Scripture: Luke 10:38-42
Our gospel passage for today is one of those times where I can see the merits of both sides. So often people read this passage and try to pit Mary and Martha against each other. Martha represents work and Mary represents contemplation; Mary was better than Martha; Jesus approves of Mary but not Martha. But it’s not as simple as that.
Let’s remember first where we are in the context of Luke. At the beginning of the chapter, Jesus sent disciples out before Him. He gives them instructions for their travels and their teaching, but also makes it clear that time is short and the work is urgent. Next Jesus tells the parable of the Good Samaritan, a parable that emphasizes the importance of loving and serving one another. Only then do we reach our passage for today, set at Martha’s house.
It’s a short scene: Jesus (and, I think it’s safe to assume, His disciples) have been invited into Martha’s home. Jesus is teaching; Mary is sitting at Jesus’ feet. This is a posture of listening and learning; Paul referred to himself in Acts as having sat at his teacher Gamaliel’s feet. It was a humble position of learning. It was the position of a follower of Jesus.
Martha, meanwhile, is making preparations. After all, at least thirteen strangers have dropped into her house unannounced. Are they staying the night? What food does she have stored? Does she need to make something? Do they all have water? They’ve been walking; do they need water to wash their feet? Are they staying the night, and if so does she have enough blankets?
Just a scene ago, Jesus was reminding us how important it is to love and care for one another! Martha is caring for her unexpected guests by showing them hospitality. This is the work of a follower of Jesus.
That is, neither Mary nor Martha is doing anything wrong. In fact, they are both doing important work! Mary is listening to Jesus; Martha is serving Jesus. Both of them are doing good work.
But again, context is important. Jesus is a traveling teacher; He won’t be in town long. And Luke’s narrative is starting to remind us that Jesus will not be physically present with His disciples forever, but is traveling towards Jerusalem and His crucifixion. Martha thought Jesus was important or fascinating or holy or something, enough so that she invited Him to her house. And yet she is so busy with all these tasks that she’s not getting to hear Jesus’ teachings!
We often read Jesus’ response to Martha as a rebuke: ‘You’re so foolish, Martha!’ But what if it’s not that at all? What if Jesus is inviting her to listen, too? is inviting her into not just filling his needs, but into a relationship? I imagine it almost gently: ‘Martha. What I’m saying is important, and I’d like you to hear it, too. You can do all that later. I’d really like to spend some time with you right now.’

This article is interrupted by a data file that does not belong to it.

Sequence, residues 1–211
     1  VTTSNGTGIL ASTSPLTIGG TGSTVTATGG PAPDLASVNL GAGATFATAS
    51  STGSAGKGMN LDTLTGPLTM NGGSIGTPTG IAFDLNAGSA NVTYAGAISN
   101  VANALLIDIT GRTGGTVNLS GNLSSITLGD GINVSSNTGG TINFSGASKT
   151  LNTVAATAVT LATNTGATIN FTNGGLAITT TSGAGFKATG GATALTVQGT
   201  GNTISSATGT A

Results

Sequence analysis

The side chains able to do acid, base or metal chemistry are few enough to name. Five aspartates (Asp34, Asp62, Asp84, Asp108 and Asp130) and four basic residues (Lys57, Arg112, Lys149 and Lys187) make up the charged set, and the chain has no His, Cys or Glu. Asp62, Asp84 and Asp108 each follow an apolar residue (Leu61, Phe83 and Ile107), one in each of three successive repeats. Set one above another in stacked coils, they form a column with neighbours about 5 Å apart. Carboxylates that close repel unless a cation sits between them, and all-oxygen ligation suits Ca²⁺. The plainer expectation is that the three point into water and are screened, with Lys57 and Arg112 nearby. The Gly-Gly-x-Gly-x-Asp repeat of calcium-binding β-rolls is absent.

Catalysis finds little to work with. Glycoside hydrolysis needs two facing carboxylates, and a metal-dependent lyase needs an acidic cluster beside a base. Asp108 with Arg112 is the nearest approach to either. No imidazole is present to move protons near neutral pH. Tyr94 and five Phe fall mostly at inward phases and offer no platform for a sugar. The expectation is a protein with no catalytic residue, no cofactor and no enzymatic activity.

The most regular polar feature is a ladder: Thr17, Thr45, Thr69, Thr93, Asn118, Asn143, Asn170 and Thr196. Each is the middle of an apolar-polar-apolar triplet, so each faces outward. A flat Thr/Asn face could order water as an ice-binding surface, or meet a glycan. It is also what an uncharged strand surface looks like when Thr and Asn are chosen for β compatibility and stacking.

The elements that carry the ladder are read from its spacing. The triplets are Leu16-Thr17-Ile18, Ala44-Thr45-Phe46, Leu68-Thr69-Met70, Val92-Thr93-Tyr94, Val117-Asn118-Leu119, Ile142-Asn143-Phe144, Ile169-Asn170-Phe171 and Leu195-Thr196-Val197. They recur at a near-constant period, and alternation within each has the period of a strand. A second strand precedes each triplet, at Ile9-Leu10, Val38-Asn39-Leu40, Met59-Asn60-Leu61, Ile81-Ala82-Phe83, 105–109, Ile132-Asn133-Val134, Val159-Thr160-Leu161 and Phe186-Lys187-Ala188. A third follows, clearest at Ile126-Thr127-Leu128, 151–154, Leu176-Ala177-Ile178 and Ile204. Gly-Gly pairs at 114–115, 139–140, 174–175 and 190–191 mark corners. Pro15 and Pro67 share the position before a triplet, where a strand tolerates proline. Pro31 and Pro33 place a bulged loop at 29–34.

The problem isn’t that Martha is working and Mary is slacking off. The problem is that Martha feels like she has to do all these things, even though Jesus is in her house and when will that happen again?? Spend some time with Jesus.
I think we’re all familiar with this dilemma. There is always more to do, and we live in a culture that prizes doing as much as possible, all the time. How do we decide what’s important right now? Much of what we’re doing is good and important–spending time with family and friends, doing things we love, helping other people, working to support our families, making sure there’s food on the table and the grass gets mowed. All of that is good and important! How do we decide what’s important right now?
The answer lies in Jesus. What is Jesus asking you to do now? Where is Jesus leading you? Where is Jesus in your life right now?
Of course that’s easier said than lived out, now that we can no longer invite Jesus to physically come sit in our living room and speak to us. Trust me, I know that too. It’s easy to say to look for Jesus, harder to find Him and then know what He’s saying.
So I’m going to finish by sharing some ways that have worked for me and for others of listening for and searching for Jesus.
First, Jesus does not want you to be exhausted and irritable. Rest. You do not need to be doing something all the time! Rest is important enough that it is named in the 10 Commandments. Rest is holy and good and important.
Pray. Spend time with Jesus so you’ll know Him when He shows up. Read the Bible. Pray the psalms. Tell Jesus what you’re worried about and what’s going on in your life.
Finally, ask yourself: What do you long to do, wish you could do more of? Explore those feelings. Often God speaks to us through our longings and our emotions, especially those that have been with us for a long time. Our emotions may not always tell us the full truth, but they always have something important to say to us.
So that is what I pray for each of you. I hope that you are able to invite Jesus into your home. I hope you hear Him when He speaks, and are able to listen. I hope you find Jesus everywhere in your life. Because He is there, even if sometimes He is hard to find. Jesus is with you.
Alleluia, and Amen.